Maloof style chair instructional DVD by Scott Morrison

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Review by MeadNotkin posted 11-20-2017 04:41 PM 2559 views 0 times favorited 1 comment Add to Favorites Watch
Maloof style chair instructional DVD by Scott Morrison Maloof style chair instructional DVD by Scott Morrison Maloof style chair instructional DVD by Scott Morrison Click the pictures to enlarge them

Let me say up front that in terms of the money I’ve spent on woodworking classes over the past couple of years, Scott Morrison’s DVD on how to build a stool was the best bang for the buck. I say that because my initial hesitation was over whether to spend $100 on two DVDs and some plans. It was well worth it.

As another reviewer has mentioned, Scott’s instructional DVDs are very well done and are easy to follow, and he was available via email to answer my questions. Just today I successfully completed my third and final stool, and there’s no way I could have figured out this build on my own. And as Scott sells these stools for $3,200 apiece, I figure I just saved $9,700 by making them myself!

Here are a few caveats:
This is a two stage build. First stage you cut out all the pieces and screw and glue them together into the rough, unshaped stool. Stage 2 is shaping every surface of the chair using grinders and rasps and sandpaper. The first stage is very challenging, but somehow I managed to pull it off. When I watched the DVDs the first time and saw Scott pull out the rasp for stage 2 and start shaping by hand, my heart sank and I never thought I could pull it off.

And I ain’t gonna lie – it was a challenge and took a lot of work. But it was also extremely enjoyable, and taught me many valuable new skills.

You will also need a variety of specialized tools for this project. In terms of power tools, you will need the usual suspects – table saw, jointer as well as a band saw, although you could probably get away with a jigsaw. You will also need two grinders – a regular grinder and a die grinder. Scott uses a pneumatic die grinder, and to power that tool you need a 60 gallon compressor and enough space to store it in. I had neither, and it took me a few weeks to figure out a workaround. First I bought a Foredom flex tube die grinder, which is a nice tool, but I quickly realized that it would be very difficult to maneuver the flex tube, which is short, around the stools. So I returned it. After many internet searches I realized that DeWalt sold a hand held electric die grinder with enough power to use Kutzall extreme burr heads, which are the bits I used.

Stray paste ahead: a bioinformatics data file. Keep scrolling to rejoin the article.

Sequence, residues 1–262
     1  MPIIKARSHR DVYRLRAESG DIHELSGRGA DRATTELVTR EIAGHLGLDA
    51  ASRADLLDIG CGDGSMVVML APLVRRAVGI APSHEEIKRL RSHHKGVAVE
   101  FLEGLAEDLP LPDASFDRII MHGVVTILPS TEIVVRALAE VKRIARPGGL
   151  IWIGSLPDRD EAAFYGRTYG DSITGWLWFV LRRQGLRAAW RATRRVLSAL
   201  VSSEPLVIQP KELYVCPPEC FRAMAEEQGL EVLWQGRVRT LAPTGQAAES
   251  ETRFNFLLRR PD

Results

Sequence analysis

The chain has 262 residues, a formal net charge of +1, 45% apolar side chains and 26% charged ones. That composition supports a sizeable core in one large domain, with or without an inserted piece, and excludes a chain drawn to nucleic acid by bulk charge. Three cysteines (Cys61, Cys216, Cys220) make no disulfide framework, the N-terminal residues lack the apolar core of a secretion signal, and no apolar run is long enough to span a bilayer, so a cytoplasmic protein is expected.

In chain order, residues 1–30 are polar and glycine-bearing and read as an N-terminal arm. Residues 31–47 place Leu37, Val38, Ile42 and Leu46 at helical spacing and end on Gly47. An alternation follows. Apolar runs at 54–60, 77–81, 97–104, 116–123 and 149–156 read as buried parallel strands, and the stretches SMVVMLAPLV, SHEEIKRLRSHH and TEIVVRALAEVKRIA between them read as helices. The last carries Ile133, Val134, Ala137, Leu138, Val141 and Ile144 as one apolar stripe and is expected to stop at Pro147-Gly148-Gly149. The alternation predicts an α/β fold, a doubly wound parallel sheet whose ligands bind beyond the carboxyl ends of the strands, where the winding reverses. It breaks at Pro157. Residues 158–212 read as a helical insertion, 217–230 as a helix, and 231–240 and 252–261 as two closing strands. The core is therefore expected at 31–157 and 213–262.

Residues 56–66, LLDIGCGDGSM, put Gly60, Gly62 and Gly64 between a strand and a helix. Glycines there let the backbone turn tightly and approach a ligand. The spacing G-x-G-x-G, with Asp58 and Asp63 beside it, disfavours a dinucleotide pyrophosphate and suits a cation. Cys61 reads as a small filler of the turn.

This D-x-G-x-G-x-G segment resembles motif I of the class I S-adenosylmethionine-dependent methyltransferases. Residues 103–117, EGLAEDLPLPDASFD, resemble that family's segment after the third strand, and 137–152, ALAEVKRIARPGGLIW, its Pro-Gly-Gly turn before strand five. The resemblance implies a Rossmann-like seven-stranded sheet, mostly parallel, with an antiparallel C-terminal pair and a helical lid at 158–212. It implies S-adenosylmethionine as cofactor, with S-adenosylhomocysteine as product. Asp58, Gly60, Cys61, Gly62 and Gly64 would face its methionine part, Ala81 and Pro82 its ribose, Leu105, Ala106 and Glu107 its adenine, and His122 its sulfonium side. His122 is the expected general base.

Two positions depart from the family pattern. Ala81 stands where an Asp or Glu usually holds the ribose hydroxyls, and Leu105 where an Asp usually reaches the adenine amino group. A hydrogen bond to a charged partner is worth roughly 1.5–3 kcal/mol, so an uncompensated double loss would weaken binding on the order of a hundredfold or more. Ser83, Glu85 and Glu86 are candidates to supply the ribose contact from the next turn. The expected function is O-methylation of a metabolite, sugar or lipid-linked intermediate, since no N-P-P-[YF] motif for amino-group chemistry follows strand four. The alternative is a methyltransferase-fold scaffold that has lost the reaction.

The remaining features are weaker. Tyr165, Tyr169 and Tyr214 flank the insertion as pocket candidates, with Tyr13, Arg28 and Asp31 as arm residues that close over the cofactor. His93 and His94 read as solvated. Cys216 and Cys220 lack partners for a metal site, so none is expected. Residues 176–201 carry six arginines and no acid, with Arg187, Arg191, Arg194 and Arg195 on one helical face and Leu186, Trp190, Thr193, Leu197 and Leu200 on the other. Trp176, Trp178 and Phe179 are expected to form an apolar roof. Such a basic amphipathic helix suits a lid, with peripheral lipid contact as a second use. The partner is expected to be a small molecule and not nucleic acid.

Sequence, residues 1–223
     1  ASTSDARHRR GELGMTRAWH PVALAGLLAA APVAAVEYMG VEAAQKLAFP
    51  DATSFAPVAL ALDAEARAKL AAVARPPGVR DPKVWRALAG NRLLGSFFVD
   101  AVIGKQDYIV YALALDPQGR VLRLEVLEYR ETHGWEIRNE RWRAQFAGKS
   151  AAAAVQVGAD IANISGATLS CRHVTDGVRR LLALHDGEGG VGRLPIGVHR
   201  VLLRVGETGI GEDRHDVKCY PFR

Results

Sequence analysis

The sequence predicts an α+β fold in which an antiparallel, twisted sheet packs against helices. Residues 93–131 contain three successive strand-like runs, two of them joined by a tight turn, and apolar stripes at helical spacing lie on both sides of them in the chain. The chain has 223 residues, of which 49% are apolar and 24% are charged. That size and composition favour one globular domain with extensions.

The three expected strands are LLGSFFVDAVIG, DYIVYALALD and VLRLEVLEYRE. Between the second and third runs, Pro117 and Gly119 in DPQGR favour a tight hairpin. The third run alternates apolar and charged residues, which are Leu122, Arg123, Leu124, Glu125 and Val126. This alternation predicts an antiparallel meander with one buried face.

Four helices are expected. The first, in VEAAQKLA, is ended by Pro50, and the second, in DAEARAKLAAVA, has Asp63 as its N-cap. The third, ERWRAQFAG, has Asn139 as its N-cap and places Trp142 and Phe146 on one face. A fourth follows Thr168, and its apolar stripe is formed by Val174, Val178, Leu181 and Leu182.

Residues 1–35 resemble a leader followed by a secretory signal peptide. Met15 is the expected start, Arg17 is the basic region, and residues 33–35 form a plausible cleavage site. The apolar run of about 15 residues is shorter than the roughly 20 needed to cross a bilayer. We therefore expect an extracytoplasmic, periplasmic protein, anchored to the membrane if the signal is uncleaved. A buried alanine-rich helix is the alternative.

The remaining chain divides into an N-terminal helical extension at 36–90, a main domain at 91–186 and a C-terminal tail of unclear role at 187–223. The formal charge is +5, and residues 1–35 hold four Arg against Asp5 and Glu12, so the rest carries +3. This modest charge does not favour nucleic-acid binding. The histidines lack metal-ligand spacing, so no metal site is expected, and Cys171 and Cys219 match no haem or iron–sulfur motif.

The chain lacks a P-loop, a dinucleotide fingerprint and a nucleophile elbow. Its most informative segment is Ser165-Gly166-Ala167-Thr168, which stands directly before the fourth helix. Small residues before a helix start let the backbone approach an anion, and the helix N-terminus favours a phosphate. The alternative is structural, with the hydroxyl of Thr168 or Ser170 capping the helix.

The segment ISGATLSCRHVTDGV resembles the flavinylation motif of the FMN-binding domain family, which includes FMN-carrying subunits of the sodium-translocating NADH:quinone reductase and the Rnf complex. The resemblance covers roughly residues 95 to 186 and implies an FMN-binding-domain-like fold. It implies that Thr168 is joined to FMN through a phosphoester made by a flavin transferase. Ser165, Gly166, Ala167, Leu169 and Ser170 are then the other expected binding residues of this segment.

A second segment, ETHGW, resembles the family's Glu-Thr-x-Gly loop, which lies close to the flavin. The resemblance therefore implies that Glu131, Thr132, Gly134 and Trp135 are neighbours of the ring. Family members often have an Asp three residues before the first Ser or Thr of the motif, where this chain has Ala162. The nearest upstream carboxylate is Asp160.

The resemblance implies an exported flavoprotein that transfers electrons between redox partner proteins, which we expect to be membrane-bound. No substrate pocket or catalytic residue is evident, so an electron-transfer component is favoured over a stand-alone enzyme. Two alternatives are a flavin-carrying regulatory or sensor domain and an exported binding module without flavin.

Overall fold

I’d never used a die grinder – to tell you the truth, I didn’t even know what a die grinder was before doing this project – so finding the right equipment was part of the learning curve for me.

However, you cannot die grind your way to completion with this project. You will also need to use wood rasps. Never having used a rasp, I purchased an 11 grain, 8 inch rasp. A very nice rasp but it was too fine and was not up for the task so I bought a 6 grain 12 inch auriou rasp, and it turned out to be the Samurai sword of rasps. The hand shaping was actually manageable with this more aggressive rasp. BUT – I also bought a rat tail rasp, another rounded coarse rasp from Kutzall, a round microplane rasp and a saw rasp – and I used every one of them to complete this project.

Which brings me to the one omission that I found in the DVDs. Shaping the joints for a newbie is complicated. The curves go every which way, and I had no idea, really, how to shape them, and Scott’s DVDs do not go into the kind of detail that a beginner like me needed.

Fortunately I have a knowledgeable friend who explained where the curves are supposed to go and how to approach it.

I also live in the D.C. area and found out there’s a Maloof chair on display at the Renwick Gallery, so I went down and took a look, and that was also a big help.

So now I know how to build a chair, and my next project might be to use the Maloof joints explained in Scott’s DVDs in some dining chairs of my own design.

It was an amazing project. If you’re looking for a challenge, I highly recommend it. It’s definitely brought my woodworking skills to a new level.

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#1 posted 11-22-2017 02:00 PM

Beautiful Work; along with a wonderful journey. Once you’ve mounted the challenge on sculpted furniture, there is no turning back.

Thanks for the review on Scott’s work. I may undertake this, as well.

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